Glasgow and several other reporters provided a generally upbeat report on the progress of the Christmas selling season so far. He did say, however, that LCD television price erosion this year has been about 5% to 7% worse than the company had forecast. Glasgow says he expects price declines in 2007 to moderate, from the 25%-30% drop recorded this year to a 20% to 25% decline next year.
Sony is trying to walk a careful line on pricing its LCD televisions: on the one hand, it is trying to avoid aggressive pricing, asserting that consumers are getting a better and better experience; Glasgow and several other executives were critical of some its competitors in the TV business who have been more aggressive in reducing price to gain market share. Glasgow, in fact, says that the consumer electronics industry in general has become more competitive - “more competitive than I have ever seen it,” he said. On the other hand, the Sony execs confirmed that the company offered some significant unadvertised price cuts on Black Friday in order to stay competitive.
“Value to consumers has never been higher,” says Jay Vandenbree, president of consumer sales for Sony Electronics. “But we need to maintain a competitive balance. We still command a premium, but only to a certain degree. We’ve made a very conscious decision not to be a price leader.”
The Sony execs at the briefing said Sony is spending significantly on marketing to educate consumers about the advantages of high-definition televisions. Glasgow noted that a survey of consumers about high-defintion televisions found just 31% were both familiar with the term and knew what it was; 44% had heard the term, but weren’t quite sure what it means. And rest had no idea what high-defintion television is. Sony said it has trained 15,000 electronics retailer salespeople on HDTV; the company has dispatched close to 1,000 Sony employees to retail stores to both help set up displays and help on the retail floor. The company has even sent retailers sources of high-definition content in the standard called 108op to provide a way for the stores to showcase Sony’s LCD screens.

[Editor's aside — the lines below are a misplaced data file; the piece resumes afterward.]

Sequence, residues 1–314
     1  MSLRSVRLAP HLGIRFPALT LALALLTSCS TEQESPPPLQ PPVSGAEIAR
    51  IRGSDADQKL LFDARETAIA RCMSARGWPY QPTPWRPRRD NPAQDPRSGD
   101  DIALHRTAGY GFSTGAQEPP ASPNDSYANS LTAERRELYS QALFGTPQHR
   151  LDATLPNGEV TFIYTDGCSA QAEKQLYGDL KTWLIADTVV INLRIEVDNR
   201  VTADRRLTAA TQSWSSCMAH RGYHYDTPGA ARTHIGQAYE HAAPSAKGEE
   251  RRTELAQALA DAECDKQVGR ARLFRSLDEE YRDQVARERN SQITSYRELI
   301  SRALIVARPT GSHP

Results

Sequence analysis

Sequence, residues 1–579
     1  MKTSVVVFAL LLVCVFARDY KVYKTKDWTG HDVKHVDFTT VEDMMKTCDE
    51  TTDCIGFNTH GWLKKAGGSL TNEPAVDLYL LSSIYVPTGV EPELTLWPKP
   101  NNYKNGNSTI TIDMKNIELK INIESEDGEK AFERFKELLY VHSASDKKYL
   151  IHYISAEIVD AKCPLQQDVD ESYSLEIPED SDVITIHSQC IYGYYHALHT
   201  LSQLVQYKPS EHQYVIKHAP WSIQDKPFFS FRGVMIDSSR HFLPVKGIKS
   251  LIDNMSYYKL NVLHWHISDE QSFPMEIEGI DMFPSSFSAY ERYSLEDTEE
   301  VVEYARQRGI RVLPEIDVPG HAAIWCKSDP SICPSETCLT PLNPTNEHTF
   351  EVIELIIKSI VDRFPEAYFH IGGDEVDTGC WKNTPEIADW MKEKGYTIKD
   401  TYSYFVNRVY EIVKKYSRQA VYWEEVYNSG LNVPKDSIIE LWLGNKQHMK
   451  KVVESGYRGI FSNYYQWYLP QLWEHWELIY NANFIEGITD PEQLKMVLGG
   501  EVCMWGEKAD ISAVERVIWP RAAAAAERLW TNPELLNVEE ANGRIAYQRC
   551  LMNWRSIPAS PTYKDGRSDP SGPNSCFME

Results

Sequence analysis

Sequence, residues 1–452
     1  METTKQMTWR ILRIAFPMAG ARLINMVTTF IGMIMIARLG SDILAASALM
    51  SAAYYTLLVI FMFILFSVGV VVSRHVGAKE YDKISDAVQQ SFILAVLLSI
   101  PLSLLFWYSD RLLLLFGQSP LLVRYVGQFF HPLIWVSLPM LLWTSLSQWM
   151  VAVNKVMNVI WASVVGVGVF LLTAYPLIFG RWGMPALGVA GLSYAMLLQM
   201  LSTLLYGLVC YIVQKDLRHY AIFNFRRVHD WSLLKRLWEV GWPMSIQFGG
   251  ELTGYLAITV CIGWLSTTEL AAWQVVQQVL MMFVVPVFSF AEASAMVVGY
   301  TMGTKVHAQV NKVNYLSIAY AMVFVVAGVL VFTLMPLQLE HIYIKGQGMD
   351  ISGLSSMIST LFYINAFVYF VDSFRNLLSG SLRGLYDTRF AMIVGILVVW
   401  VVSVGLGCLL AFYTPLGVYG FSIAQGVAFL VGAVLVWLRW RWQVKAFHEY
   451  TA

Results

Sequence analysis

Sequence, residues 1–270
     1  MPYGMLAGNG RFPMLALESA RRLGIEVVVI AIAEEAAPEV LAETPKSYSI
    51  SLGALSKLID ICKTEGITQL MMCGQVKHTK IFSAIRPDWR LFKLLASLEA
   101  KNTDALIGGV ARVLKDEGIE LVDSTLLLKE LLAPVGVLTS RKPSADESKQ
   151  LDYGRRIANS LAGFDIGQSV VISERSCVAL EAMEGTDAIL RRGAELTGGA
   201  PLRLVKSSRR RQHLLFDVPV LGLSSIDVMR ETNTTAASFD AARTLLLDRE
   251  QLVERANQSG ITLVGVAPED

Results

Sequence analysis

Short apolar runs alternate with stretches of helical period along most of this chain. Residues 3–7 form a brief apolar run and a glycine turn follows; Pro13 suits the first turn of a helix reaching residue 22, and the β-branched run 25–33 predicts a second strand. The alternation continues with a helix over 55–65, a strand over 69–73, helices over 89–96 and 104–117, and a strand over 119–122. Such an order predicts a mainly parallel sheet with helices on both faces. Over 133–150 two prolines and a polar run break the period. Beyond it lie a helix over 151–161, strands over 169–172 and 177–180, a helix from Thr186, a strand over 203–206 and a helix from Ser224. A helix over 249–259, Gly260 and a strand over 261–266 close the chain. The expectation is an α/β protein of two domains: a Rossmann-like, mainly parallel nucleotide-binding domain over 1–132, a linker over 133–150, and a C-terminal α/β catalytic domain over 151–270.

One interesting thing that came up in the discussion was the fact that there really aren’t a lot of places to get content in the 1080p standard; Glasgow notes that cable and satellite systems do not broadcast in that standard. If you want the full experience, you will mostly have to rely on Blu-Ray DVDs, Glasgow says. (Or you could watch movies in the competing HD-DVD format, of course.)
The Sony execs said the company is seeing strong sales not just of LCD televisions but also MP3 players, notebook computers, digital camcorders and digital still cameras. The company says there also has been a resurgence in home audio equipment, as people buying big-screen TVs also walk out of the store with new audo gear to go with it.
As for the Blu-Ray standards battle with HD DVD, Glasgow says he “hopes it ends quickly.” He notes that Sony has started shipping its first Blu-Ray player, a $1000 model targeted at early adopters. Glasgow says he does not think a dual-format drive using both standards would be possible without having two seperate drives, which would be a costly solution.
On another subject, Glasgow said the company has sold a “substantial number” of its Sony Reader electronic book devices, although he did not provide any numbers. He and the other Sony execs downplayed the idea that a market will crop up for consumer-ripped books, the way consumer-ripped music showed up on the Web and effectively jump-started the MP3 player market. (Wouldn’t be prudent for Sony to go around suggesting that would really drive the sale of Sony Readers would be a ton of free if not exactly legal books waiting for download on the Net.)
Sony shares today rose 13 cents, to $39.74.
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